Yet another timely, great topic Carol! I have been one of those “Holiday Slackers,” finding all the excuses for why Thanksgiving though New Year’s Day is not a good time for prospecting. Great ideas, and all the comments were especially helpful–especially yours, concerning the accelerated fundraising activity of charity organizations this time of the year; and, because fundraising for charities is my main niche, I am going to take your advice and capitalize on this golden opportunity, so I Can start the New Year with a bang–not just the bangs from the ball dropping in Times Square!

  8. Great ideas, Carol. And everyone is right, in our techno culture there is never a right or wrong time. Folks work at all hours of the day or night any day they can fit it in.
    Carol J Alexander recently posted…How to Write the Query Letter that SellsMy Profile

  9. Emily says:

    This post is helpful, and even more helpful are the comments. I was wondering if this was a bad time of year to send out pitches, etc. Then I realized that I’m getting my name out to (potential) clients right before many of them are working from new year budgets.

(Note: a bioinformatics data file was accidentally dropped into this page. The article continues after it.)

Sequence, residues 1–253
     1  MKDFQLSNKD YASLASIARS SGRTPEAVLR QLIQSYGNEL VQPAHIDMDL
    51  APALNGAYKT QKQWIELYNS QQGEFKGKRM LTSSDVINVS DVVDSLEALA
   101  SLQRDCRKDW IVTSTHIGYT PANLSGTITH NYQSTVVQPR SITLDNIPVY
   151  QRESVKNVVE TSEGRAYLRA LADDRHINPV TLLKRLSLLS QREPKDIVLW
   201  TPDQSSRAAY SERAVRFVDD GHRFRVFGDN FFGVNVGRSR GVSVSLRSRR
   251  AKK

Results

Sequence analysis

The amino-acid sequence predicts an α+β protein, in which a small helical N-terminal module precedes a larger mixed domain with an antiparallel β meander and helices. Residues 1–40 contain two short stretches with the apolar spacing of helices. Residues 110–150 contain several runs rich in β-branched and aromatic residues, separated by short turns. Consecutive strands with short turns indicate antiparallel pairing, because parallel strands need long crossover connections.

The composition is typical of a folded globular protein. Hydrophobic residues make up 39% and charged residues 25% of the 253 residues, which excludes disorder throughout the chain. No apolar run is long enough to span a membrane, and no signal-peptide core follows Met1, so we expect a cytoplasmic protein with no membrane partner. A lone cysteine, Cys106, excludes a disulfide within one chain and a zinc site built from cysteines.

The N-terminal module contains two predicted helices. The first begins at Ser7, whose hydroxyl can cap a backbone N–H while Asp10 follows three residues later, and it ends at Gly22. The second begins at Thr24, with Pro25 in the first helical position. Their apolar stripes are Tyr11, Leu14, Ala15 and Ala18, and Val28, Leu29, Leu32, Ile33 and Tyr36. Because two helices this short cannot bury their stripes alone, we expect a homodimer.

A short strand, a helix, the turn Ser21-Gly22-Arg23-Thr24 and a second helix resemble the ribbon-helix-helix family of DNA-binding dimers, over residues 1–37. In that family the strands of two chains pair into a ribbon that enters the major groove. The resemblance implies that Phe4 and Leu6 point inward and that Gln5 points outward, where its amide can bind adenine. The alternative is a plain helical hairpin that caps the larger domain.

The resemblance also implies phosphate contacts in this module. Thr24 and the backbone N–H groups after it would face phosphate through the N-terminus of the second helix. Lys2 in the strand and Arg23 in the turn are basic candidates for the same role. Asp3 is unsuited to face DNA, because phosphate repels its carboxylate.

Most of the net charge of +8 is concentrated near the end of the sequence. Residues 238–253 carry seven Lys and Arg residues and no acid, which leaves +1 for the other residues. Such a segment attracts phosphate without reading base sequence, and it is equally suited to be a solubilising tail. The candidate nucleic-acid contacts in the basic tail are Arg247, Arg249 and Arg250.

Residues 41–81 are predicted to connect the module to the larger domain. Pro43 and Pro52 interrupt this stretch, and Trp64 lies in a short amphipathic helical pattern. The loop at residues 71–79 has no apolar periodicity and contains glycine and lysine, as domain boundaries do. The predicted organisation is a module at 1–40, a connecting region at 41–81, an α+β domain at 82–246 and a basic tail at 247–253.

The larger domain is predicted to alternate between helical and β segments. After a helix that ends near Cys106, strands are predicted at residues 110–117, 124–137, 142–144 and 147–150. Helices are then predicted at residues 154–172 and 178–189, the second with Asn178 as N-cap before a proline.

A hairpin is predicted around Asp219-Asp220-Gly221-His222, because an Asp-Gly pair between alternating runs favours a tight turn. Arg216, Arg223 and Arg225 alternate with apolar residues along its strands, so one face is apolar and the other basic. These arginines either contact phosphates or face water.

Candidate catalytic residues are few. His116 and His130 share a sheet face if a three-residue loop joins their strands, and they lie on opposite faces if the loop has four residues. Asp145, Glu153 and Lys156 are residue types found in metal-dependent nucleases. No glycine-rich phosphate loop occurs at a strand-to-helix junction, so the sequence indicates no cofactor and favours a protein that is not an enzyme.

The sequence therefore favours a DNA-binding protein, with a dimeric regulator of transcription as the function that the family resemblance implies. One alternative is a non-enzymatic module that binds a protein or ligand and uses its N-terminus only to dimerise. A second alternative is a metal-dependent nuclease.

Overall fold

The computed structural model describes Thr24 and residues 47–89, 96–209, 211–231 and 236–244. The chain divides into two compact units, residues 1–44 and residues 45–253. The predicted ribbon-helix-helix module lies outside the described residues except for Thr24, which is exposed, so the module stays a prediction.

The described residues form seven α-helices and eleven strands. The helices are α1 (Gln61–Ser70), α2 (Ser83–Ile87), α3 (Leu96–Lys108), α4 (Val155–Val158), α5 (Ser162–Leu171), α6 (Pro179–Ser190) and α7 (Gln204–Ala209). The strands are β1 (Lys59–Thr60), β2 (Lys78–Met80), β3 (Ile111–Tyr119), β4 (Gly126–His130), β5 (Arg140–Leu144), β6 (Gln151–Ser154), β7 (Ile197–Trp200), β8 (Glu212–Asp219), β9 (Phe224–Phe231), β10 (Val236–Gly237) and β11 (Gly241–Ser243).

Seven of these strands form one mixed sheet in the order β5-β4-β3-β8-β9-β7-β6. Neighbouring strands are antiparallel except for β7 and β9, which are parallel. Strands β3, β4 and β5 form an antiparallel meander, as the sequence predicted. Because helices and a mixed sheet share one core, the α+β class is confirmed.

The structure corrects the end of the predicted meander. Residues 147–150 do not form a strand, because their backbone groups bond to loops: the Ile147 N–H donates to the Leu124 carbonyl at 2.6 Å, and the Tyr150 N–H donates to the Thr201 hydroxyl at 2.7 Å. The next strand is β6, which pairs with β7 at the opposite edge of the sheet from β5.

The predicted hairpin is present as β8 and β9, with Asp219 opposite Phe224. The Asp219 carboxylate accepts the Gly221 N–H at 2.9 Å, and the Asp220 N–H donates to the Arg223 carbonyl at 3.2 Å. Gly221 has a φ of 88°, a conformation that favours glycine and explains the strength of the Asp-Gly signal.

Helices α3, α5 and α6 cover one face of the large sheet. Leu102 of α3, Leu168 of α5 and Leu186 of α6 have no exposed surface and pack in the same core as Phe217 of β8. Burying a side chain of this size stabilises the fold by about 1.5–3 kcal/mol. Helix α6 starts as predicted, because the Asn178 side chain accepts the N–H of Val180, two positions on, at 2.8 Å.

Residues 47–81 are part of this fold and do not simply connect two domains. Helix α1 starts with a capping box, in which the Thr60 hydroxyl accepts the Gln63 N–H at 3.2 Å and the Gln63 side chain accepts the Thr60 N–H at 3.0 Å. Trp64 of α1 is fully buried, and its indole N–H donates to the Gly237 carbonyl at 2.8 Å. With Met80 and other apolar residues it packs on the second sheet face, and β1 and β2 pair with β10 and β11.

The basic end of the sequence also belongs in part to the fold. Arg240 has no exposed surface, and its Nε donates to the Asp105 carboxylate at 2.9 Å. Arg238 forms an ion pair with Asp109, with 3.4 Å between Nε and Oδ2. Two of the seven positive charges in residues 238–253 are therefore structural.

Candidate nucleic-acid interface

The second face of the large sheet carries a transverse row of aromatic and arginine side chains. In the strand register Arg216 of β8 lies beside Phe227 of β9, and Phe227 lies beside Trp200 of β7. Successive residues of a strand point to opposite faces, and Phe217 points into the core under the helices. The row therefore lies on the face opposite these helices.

Emily recently posted…Weird History, Part Eight: Stories From Wampanoag Culture That You Can Share at ThanksgivingMy Profile

    • Carol Tice says:

      Some of them have those budgets ALREADY, Emily. Good companies have it in the fall, for the coming year.

      Freelancers should never start playing the guessing game of “Is this a good time of year/day of the week/time of day to pitch.” Once you start down that road, you’ll find a reason not to pitch every single day of the year! There’s always an excuse.

      Meanwhile, I know writers who’ve gotten responses at every hour, on every holiday. You never know what’s going on. And meanwhile, just for your own sanity and for the sake of your business and creating steady income, you should just pitch routinely. Just don’t stop.

  10. Tom Bentley says:

    I’m with you, Carol. I’ve sent multiple queries out this week for various pieces; freelancers really can’t afford to lose momentum in allegedly “lull” periods, because as you point out, then you have to play catch-up. (And the bills never lose momentum.)

    Thanks for thisβ€”I tweeted its glories…
    Tom Bentley recently posted…Writers All Start Out as Drooling EeegitsMy Profile

    • Carol Tice says:

      LOL — so true! If anything there are MORE bills during holiday time. Don’t know about anyone else, but I’m buying these great silk-flower necklaces made by refugee women and giving them to all my friends and relatives. There are a million charity appeals this time of year. We probably spend MORE in December! Why would this be a time to slack off of marketing?